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10 simple ways to apply design thinking to your business application projects

If you are like me, you want to be creating business applications that are not only functional but also truly resonate with our users. Design thinking is a great way to achieve this, but if you don't currently practice design thinking it can be incredibly difficult to introduce new ways of working into our existing practices. Especially if you have spent years developing your own project methodology.

I'm here to share a secret with you: integrating design thinking into your business application projects doesn't have to be a daunting overhaul. It's possible to add this powerful approach into your existing project methodology without stretching your budget.

In this post, we'll explore 10 ideas for integrating design thinking into your business application projects without overhauling your existing processes or blowing the budget. You'll discover how to enrich your projects with creativity and innovation while staying grounded in practicality.

1. Involve the End Users

This is the first and most important thing to do. If you don't include end users in your design workshops, prototype demonstrations, testing and every part of your project lifecycle then none of the items below will work. End users refer to the people who will eventually be using the app to help them do their work. It's not the managers, team leaders, business analysts, senior leaders, or anyone else. These people also have important roles to play but they will never be as close to the needs of the people who are at the centre of the problems you are trying to solve with your application. If you don't include end user then the project team are working with second hand information, which increases the risk of building the wrong thing and poor user adoption. Some of the easiest ways to get started including end users is to simply speak with them or observe them doing their work.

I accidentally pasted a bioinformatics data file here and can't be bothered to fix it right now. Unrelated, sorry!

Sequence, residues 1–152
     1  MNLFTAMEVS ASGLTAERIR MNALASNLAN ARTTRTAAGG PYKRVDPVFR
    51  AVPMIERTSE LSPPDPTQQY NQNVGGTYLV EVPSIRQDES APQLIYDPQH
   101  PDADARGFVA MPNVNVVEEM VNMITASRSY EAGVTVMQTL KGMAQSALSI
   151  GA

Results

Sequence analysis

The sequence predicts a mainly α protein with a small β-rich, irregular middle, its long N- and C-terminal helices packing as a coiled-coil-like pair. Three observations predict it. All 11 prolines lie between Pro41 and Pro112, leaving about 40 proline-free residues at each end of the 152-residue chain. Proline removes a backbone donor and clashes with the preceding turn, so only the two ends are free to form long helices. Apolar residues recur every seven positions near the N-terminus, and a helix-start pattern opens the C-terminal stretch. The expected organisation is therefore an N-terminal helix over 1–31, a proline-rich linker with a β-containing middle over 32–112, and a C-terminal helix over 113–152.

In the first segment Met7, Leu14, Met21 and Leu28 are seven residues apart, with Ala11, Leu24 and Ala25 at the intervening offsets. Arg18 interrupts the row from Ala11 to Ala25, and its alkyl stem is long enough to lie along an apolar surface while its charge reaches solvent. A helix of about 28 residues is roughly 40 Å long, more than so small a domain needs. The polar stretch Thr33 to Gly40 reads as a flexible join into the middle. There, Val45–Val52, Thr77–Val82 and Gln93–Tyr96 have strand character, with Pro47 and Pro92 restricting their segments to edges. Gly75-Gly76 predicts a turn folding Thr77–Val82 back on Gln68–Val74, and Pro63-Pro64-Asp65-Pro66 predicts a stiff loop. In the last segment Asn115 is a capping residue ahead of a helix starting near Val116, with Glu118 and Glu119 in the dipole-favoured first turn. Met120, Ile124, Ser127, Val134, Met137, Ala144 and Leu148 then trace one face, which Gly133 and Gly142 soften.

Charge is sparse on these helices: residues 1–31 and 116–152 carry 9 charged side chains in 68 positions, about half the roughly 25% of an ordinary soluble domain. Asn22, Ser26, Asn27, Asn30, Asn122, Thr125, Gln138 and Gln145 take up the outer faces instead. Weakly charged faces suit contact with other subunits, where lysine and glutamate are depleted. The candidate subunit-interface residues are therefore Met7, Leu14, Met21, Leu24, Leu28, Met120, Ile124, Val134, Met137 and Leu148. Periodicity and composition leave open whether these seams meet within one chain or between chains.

2. Empathy Mapping

Get your team thinking about understanding your users better. As a team, create empathy maps to visualise user needs, experiences, and pain points. This can be done with simple tools like whiteboards or online collaboration platforms. If you’ve done step 1 then you will likely have had a number of interactions with your users during the start of the project, use the insights gained from these interactions so document an empathy map.

3. Problem Reframing

Take the problems you're trying to solve and reframe them from the user's perspective. For example, if you are trying to make a process more efficient to deliver cost savings for the business. From the user's point of view, the problem might be reframed as "How might we improve the user experience while completing this process?" or "How might we reduce the time and effort required by the user to complete this process?". By reframing the problem in this way, the focus shifts from cost savings for the business to improving the experience for the user, which can lead to more innovative and user-focused solutions.